In another example of the Bush Administration's post modern approach; the brain trust is exploiting another seemingly progressive issue to propel it's reactionary agenda.
The plan is layed out in an article in the New York Times by Robert Pear on January 30, 2007.
(NYT's has changed the other end of the link since this was published.)
In an executive order the President has directed every agency of the federal government to form a regulatory policy office run by an Administration appointee.
While the NYT article high-lights the President's use of executive privilege to appoint the new agencies regulatory Czar; the issue goes beyond that, to the concept of Separation of Powers - one of the foundations of the republic.
The Whitehouse wants to apply a new statistical theory that studies the specific effect of policy on the economy - in real time.
The new theory, called Experimental Economics will be put to the test by economists working together with biologists, sociologists, and psychologists who will create a virtual model of the economy on a Super Computer. Using incredibly fast processors and gargantuan memory size in conjunction with gaming and search engine industry software, they plan to model the economy in four dimensions. The model is then to be used to calculate the effect of policy in specific enterprise.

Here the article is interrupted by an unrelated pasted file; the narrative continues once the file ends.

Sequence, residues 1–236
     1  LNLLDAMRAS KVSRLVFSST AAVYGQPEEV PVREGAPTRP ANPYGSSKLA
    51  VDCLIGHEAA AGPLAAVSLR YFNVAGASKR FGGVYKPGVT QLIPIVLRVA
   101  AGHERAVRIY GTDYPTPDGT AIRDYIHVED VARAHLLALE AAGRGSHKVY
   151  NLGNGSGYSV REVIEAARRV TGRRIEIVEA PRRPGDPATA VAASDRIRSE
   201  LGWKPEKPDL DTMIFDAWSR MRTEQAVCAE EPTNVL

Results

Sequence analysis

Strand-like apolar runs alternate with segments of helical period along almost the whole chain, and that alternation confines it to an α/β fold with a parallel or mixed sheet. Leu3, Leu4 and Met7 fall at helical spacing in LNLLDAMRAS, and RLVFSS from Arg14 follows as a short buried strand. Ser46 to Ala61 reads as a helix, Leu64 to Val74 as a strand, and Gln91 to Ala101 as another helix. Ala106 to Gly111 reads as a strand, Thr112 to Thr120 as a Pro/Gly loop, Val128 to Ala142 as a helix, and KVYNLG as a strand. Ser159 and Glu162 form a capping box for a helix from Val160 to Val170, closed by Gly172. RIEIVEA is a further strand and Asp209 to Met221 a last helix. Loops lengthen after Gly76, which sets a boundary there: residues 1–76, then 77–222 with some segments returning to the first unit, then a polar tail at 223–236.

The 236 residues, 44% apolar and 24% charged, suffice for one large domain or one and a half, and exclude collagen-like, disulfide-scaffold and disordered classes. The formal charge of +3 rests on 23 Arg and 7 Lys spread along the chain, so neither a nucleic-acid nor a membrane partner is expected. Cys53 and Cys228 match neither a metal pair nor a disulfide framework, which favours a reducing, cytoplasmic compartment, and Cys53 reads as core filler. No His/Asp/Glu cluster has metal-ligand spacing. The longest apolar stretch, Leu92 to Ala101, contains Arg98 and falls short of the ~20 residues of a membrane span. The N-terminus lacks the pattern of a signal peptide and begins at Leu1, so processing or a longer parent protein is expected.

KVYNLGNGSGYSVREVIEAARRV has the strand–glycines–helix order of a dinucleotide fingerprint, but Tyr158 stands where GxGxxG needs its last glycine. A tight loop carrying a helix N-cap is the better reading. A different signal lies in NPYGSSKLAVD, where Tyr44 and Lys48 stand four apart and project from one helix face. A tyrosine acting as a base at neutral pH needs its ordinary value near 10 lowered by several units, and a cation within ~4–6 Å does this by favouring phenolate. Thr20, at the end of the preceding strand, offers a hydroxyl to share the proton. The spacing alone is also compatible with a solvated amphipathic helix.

Susan E. Dudley an Experimental Economist, is Bush's pick to head up the "Office of Information and Regulatory Affairs" which will be added on to the "Office of Management and Budget".
The NYT again:
"President Bush first nominated Ms. Dudley last August. The nomination died in the Senate, under a barrage of criticism from environmental and consumer groups, which said she had been hostile to government regulation. Mr. Bush nominated her again on Jan. 9.
With Democrats in control, the Senate appears unlikely to confirm Ms. Dudley. But under the Constitution, the president could appoint her while the Senate is in recess, allowing her to serve through next year."
The new technology will have a direct impact on citizens; Robert Pear writes,
"..business executives and consumer advocates said the administration was particularly concerned about rules and guidance issued by the Environmental Protection Agency and the Occupational Safety and Health Administration."
The Bush executive order creates a lever by which an administration can express it's political vision. The computer program only spits out numbers; but the new regulatory offices will make political decisions based on the new and better information. In itself this is a good thing - the rule of law in the enlightened society is supposed to be rooted in empirical science.
The Congress must act however to counter the power grab by the Whitehouse. The intent of legislation will be interpreted, exclusively, by the executive branch through the administrative changes. Congress - the branch of government that votes the money and the law - would seem to have as much, if not more interest, in the Office of Information and Regulatory Affairs.